* H2 net profit $1.6 bln vs $1.04 bln consensus
* 2010 new biz value up 22 pct, slowing from 35 pct in H1
* 2010 investment income up 14 pct amid stock market rebound
* 2010 embedded value up 18 pct to $24.7 bln
* Shares up 5.2 pct vs broader market's 1.2 pct gain
(Adds CEO quotes, share movement)
By Kelvin Soh and Lee Chyen Yee
HONG KONG, Feb 25 (Reuters) - AIA , Asia's No. 3 insurer, beat forecasts with a 54 percent jump in 2010 net profit as a recovery in stock markets boosted investment income , pushing its shares up 5 percent.
The results mark a strong turnaround from the days of the global financial crisis, when terrified customers turned up in droves at the company's offices to surrender their policies fearing that AIA's parent AIG may go under. AIG spun off AIA last year, but still holds a 33 percent stake in the company.
"It was a very good set of results, especially looking at AIA's investment income for the period," said Kenneth Yue, an analyst at CCB International in Hong Kong who has an "outperform" rating on the stock.
"However, looking at the stock market's performance these two months, it might be challenging for the company to maintain that kind of performance on investments."
AIA is facing stiff competition from rivals such as Prudential and China's Ping An looking to expand in Asia's fast-growing insurance market and the company sees 2011 as "demanding operationally."
The insurer, which reported its results before the market open on Friday, did so for the first time as a listed company. AIA listed last October in the world's third biggest IPO.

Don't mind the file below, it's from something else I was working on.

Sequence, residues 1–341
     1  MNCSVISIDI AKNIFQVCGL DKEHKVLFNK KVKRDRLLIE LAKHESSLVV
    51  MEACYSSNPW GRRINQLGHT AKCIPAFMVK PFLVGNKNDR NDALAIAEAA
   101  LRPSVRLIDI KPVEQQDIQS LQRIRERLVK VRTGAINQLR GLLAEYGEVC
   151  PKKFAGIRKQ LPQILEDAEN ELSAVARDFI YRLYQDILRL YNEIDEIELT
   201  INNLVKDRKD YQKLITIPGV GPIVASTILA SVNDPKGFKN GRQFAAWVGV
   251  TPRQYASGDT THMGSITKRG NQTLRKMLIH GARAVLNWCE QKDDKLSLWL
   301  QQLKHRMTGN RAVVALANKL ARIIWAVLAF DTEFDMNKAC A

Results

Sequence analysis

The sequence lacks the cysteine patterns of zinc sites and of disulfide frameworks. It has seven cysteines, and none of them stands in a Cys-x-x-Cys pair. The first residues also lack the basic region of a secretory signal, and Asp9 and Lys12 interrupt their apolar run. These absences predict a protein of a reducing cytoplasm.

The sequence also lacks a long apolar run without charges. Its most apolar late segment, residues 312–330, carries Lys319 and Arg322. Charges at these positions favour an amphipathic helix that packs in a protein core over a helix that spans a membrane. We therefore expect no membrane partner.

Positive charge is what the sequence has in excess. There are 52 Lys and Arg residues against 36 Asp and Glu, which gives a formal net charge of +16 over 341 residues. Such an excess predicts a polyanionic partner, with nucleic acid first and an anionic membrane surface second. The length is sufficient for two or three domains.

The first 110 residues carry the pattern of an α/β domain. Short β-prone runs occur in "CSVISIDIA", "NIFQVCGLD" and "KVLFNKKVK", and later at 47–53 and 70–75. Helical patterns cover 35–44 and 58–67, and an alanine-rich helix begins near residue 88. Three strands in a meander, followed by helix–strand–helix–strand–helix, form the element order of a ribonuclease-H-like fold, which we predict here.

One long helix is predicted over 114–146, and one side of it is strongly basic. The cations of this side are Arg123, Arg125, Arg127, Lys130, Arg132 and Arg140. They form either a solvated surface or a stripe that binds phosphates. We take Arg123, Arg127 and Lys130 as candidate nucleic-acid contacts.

Chief Executive Mark Tucker said the macro economy and political uncertainty remain the company's biggest challenges for 2011.
"I think that shouldn't take away from the fact that over the medium- and long-term opportunities in Asia are immense," Tucker said in a post-earnings call.
Asia is shaping up to be the new battleground for many insurance companies facing saturated and aging economies in their home markets, with companies such as Dutch financial group ING and Sun Life also pushing into the region.
AIA's net profit was $1.6 billion in the second half, up from the previously stated $788 million last year and better than the consensus estimate of $1.04 billion according to a poll of 14 analysts by Thomson Reuters I/B/E/S.
The company said 2010 operating profit before tax clocked in at $2.1 billion, up from $1.8 billion in 2009.
Weighing on the performance was a fall in operating margin to 13.8 percent in the second half from 18.8 percent in the first half of 2010, hit by a rise in the sale of more investment-linked products in Hong Kong that typically command lower margins.
"I think our aim is to look across all our products and ensure there's a greater protection margin there which will help move margins up," CEO Tucker said.
Investment income rose 14 percent in 2010 to $3.5 billion, helped by rebounding equities markets and appreciating Asian currencies. AIA reports in U.S. dollars, but receives much of its premiums in Asian currencies, which broadly appreciated last year.
Value of new business (VONB), a key indicator that measures the profitability of new business, rose 22 percent to $667 million in 2010, but slowed from the 35 percent in the first half.
AIA's finance chief Marc de Cure said during the call that the company's VONB growth in the second half fell on a sequential basis because of a smaller base in 2009, which exaggerated the growth seen in the first half of 2010.
Solvency ratio, which measures an insurer's ability to meet its payment obligations, rose to 337 percent from 312 percent in the fiscal first half. Solvency requirements differ depending on the market it operates in, but regulators typically require insurers to maintain an excess of assets over liabilities. (Editing by Charlie Zhu and Vinu Pilakkot)